Once you round the windward mark, you must stick to your downwind strategic plan as closely as possible. Like your upwind strategy, this plan is dependent on a set of moves called tactics.
Tactics are the tools and techniques you use to implement your strategy amidst a fleet of boats. Without smart tactics, you will get blanketed from behind, luffed to the moon and pushed to the outside at marks. Your goal, then, is to control your own destiny and not let other boats push you around.
As we discussed in the previous chapter, runs are similar in many ways to beats. In fact, as multihull and iceboat sailors have discovered, runs offer some of the most exciting tactical sailing, largely because it's very easy to change jibes without losing distance. Here are some general principles to consider.
Ladder rungs: On a run, you can use the 'ladder rung' principle to determine relative position, just like on a beat. Use your tacking lines or a hand-bearing compass to identify your ladder rung and judge how you are doing relative to other boats. The important thing about ladder rungs is that they help you use other boats to identify gains and losses due to differences in wind angle or velocity.
Protect the inside: Perhaps the most basic tactical principle on runs is to protect the side of the course that will be inside at the next mark rounding. On a typical port-rounding course, this means you should favor the left side (looking downwind). By approaching the leeward mark from the left, you will not only be inside of the nearby boats, but you will also have the starboard-tack advantage. Like upwind crossing situations, you must anticipate what will happen when two boats converge on a run. The goal is to emerge from the crossing with your strategic and tactical goals still in place. If you want to be on the inside, for example, then you should head up behind a starboard tacker to position yourself to the left and get the right of way at the next crossing. The starboard tacker can defend against this, and protect her inside position, by jibing early.
Attacking: Runs are fun because they offer hope for the boats behind. Unlike beats, downwind legs allow a boat behind to use her wind shadow to slow a boat ahead. In most conditions, your "dirty air" will extend at least several boatlengths to leeward. Your object is to place this shadow right on top of the boat you're trying to catch. To do this, line yourself up with the apparent wind (not the true wind) of your opponent. Fortunately, most boats have wind pennants at the top of their masts that point directly to the place where an attacker should be. If your competitor's mainsail looks a little light, or his spinnaker curls a little funny, you'll know you are in the right place. Your windshadow can be a potent come-from-behind tactical weapon. Use it not only to slow a boat ahead, but to force that boat to jibe toward the unfavored side. Just be sure your wind shadow doesn't fall astern of the boat ahead -- this is the most common mistake made by would-be attackers.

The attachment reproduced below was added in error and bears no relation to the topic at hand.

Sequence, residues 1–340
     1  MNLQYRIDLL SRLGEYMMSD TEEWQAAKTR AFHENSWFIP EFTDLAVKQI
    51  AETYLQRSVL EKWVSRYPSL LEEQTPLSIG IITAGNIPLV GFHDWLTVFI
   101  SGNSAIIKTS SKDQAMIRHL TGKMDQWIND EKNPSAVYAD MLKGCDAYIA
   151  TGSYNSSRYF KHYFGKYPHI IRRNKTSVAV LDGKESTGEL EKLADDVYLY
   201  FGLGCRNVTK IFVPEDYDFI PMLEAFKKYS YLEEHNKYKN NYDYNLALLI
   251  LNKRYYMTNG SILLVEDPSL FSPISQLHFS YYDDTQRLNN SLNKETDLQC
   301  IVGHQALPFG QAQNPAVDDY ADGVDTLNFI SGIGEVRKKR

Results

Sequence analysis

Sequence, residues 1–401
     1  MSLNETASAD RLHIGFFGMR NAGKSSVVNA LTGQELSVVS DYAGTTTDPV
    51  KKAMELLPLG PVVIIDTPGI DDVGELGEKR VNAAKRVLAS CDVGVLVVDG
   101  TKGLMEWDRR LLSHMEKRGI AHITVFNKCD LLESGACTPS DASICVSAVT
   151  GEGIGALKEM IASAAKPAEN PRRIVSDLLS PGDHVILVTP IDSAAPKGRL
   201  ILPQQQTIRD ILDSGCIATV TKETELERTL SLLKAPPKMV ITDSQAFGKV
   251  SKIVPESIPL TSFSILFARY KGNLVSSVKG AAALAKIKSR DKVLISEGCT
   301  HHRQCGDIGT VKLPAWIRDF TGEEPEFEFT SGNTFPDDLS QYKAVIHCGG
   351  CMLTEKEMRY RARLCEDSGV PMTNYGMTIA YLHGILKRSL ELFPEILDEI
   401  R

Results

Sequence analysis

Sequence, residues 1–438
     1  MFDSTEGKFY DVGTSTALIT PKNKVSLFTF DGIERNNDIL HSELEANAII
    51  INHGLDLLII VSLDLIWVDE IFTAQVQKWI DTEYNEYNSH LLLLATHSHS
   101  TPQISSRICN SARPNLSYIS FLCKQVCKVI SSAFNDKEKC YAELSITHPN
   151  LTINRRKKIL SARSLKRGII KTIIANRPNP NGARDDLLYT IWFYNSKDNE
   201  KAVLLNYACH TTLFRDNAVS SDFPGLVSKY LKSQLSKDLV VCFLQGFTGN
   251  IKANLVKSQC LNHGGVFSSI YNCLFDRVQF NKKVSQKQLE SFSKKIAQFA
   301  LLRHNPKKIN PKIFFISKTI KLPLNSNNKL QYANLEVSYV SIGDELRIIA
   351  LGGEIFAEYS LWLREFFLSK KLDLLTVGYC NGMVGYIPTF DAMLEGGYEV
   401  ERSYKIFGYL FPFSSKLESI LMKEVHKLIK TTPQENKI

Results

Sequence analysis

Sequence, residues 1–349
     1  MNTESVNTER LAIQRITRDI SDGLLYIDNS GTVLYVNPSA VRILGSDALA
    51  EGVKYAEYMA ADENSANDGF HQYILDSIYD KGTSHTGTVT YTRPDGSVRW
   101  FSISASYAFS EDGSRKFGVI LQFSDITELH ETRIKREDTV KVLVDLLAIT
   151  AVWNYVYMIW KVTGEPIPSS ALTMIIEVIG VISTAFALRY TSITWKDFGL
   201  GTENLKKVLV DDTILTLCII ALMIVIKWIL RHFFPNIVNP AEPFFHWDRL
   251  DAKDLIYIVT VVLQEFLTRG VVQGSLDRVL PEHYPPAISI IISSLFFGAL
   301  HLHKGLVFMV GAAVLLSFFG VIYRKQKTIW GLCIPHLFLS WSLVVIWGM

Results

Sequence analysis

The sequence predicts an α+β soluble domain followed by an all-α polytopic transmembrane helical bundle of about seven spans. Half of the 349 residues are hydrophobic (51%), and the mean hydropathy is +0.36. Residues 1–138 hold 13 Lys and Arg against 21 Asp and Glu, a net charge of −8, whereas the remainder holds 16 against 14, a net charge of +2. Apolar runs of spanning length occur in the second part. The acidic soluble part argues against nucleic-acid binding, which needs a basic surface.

Keep clear air: If you are the boat that's being attacked, be sure to keep your air clear. You must always know where your apparent wind is coming from. This is the area where you don't want other boats to be. Your spinnaker trimmer is often the first person who can feel the presence of bad air. If another boat gets close to your wind, you have two options for keeping your air clear: either head up or jibe. This choice must be based on your general strategic and tactical considerations. In Figure 6, for example, the boat that's ahead should reach up to clear her air so she can keep going toward the favored side. If the boats were close to the leeward mark, however, she might jibe for clear air and the inside position.
Reaches As we said in the last chapter, reaches are unique and therefore require a different set of tactics than beats or runs. Of all the course legs, reaches produce the fewest position changes. You might argue that this makes reaches tactically boring, but the opposite is probably true. Because of their subtleties, reaches require sophisticated tactical moves. The first reach, for example, is challenging because your tactical goals are conflicting. You must usually go high to protect your wind and, at the same time, go low to get to the inside at the jibe mark. The relative importance of these two goals depends on many factors, including the length of the leg and your proximity to the mark. Let's look at some of these in more detail.
The delayed set: There is no rule that says you have to set your spinnaker right after the mark. So before you pull up the halyard, look around. Are there a bunch of boats with wrapped spinnakers just ahead? If so, your best tactical move may be to delay your set and sail high for a bit. This works especially well if it's windy and/or the reach is a tight one.